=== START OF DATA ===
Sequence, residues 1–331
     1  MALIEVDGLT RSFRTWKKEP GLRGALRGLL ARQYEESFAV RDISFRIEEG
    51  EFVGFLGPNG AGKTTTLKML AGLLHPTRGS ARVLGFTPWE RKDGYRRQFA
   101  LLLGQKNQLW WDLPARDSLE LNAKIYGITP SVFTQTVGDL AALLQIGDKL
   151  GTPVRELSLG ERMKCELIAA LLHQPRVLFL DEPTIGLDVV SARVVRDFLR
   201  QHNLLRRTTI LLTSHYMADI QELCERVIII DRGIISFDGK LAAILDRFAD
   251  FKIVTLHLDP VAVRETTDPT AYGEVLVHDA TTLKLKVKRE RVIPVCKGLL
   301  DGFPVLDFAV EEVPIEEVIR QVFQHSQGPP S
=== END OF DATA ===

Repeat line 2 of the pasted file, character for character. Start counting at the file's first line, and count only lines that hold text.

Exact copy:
     1  MALIEVDGLT RSFRTWKKEP GLRGALRGLL ARQYEESFAV RDISFRIEEG